While we jog, we keep our headphones on, distract ourselves from the world around us and go into an altogether different world. However, for G Nagaraj, the meaning of jogging is totally different. He familiarises all of us with plogging, a concept that originated in Sweden in 2016. It is derived from the Swedish term ‘plocka upp’, meaning ‘to pick up.’ With a motto of keeping the surroundings clean, Raj starts his day by plogging in the morning. Nagaraj, who is known as Plogman, started his journey of plogging in 2018. He founded ‘The Indian Ploggers Army’ with a passion for picking up waste and cleaning the nearby areas. He initially started with Bengaluru but today, he is making an impact in different metropolitan cities like Delhi and Chennai. Let’s connect with Nagaraj to understand more about plogging, his mission and his plans for other environmental issues.
1. What inspired you to combine your passion for running with the cause of waste management through plogging?
It traces back to an eventful cycling journey nearly a decade ago. After participating in a cycling event, I saw a few painting greasy walls on a main road on my way back. When I asked the people, their simple answer was “If a place is clean, people will keep it clean & if it’s dirty, they will make it dirtier.” That hit me hard. That’s when I decided to spend time on clean-ups.
Another instance happened when my daughter was born in 2012. We named her “Avni”, which translates to “Mother Earth” in Sanskrit. That name reminds me every day to take care of our planet, just like I care for my daughter.
2. Can you share a memorable experience from one of the plogging events organized by The Indian Ploggers Army?
Although we have many wonderful memories over the plogs, I remember the one at Marina Beach in Chennai. I was out early in the morning, picking up litter while another thin-aged lady, who was a rag picker, was doing the same. Both of us plogged and afterwards, I gave all the trash I collected to her. She felt so happy and thanked me as collecting garbage was how she earned a living every day.
We’ve had many instances where the safayi karamcharis have appreciated our team for joining them during these clean-up events.
There was also a special event at a school where there was a fancy-dress competition for kids. While most children dressed up as doctors, engineers, or teachers, my daughter decided to dress up as a sanitation worker. Her choice surprised many, but it was heartwarming to see the teachers, other parents, her friends, and even the school staff appreciate her for highlighting the important role of a rag picker.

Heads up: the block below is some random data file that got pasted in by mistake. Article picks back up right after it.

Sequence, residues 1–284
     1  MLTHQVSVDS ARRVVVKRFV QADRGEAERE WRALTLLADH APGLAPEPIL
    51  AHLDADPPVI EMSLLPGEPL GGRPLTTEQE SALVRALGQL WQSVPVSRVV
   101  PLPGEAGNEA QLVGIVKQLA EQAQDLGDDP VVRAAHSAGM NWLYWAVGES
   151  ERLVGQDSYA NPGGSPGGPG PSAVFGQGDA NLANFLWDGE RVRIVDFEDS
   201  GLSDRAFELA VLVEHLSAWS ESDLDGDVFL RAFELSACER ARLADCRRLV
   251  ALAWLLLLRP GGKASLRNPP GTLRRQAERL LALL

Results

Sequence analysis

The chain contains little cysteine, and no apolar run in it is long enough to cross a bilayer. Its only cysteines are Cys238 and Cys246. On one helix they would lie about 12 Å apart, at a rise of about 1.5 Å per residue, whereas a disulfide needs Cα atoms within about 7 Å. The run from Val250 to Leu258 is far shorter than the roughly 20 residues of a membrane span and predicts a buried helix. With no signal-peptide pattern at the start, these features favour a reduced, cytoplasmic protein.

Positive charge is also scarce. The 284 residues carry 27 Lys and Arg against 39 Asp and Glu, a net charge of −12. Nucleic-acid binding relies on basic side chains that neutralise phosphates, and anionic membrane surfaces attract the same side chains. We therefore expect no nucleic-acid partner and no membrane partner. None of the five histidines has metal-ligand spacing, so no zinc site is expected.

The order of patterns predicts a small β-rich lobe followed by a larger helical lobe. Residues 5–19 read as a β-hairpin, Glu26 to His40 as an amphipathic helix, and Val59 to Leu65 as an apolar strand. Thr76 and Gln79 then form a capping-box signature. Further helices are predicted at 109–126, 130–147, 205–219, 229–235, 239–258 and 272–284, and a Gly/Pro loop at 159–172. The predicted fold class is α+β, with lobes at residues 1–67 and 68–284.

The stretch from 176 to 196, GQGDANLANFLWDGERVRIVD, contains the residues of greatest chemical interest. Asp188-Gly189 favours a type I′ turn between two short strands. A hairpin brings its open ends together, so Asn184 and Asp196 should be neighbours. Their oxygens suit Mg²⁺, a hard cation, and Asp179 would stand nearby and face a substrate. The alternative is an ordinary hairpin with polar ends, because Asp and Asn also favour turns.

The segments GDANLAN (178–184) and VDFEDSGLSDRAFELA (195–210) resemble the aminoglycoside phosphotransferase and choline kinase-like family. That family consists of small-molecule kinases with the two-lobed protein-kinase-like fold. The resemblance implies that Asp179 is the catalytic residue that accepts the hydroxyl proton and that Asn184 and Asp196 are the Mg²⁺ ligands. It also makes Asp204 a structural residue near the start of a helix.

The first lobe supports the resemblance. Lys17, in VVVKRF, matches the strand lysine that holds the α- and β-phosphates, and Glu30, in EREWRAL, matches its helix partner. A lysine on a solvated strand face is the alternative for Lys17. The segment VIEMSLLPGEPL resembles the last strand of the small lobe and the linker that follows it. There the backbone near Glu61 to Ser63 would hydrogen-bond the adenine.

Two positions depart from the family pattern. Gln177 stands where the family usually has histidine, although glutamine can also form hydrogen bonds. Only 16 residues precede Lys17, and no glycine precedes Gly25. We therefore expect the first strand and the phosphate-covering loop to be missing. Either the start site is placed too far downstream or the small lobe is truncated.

3. What strategies have you found most effective in engaging and mobilising people to join your cause?
Engaging resident welfare associations, and nearby educational institutions, and collaborating with local government authorities has significantly expanded our reach and impact during our plogging events.
Our approach involves initially inviting ploggers to participate in clean-up activities, followed by encouraging them to take a sustainability pledge. This method has proven highly effective in making a lasting impression and fostering a sense of commitment towards our cause.
4. How do you envision the future of plogging and environmental conservation in India, considering the growth of your movement?
Our ultimate goal as ploggers is to reach a point where our efforts during a plog end in failure—we simply don’t find any trash to pick up. I imagine a situation where we get into a long walk and fail miserably to find any trash. That would happen when each one of us as individuals, corporations & civic authorities work for a common objective of a “Garbage-free “neighbourhood, i.e. an army of like-minded citizens working for a cleaner planet.
5. Besides waste management, do you have plans to expand your advocacy to other environmental concerns or related areas?
We see plogging as a starting point to address various environmental issues. Alongside waste management, we are looking forward to many more initiatives that connect the dots.
It is our privilege to be among the best groups that collect preloved items like clothes, toys, and stationery during plogging sessions and redistribute them to the underprivileged sections of society. This approach not only promotes sustainability but also emphasises the value of “Reuse”, “Repurpose” & mindful consumption.
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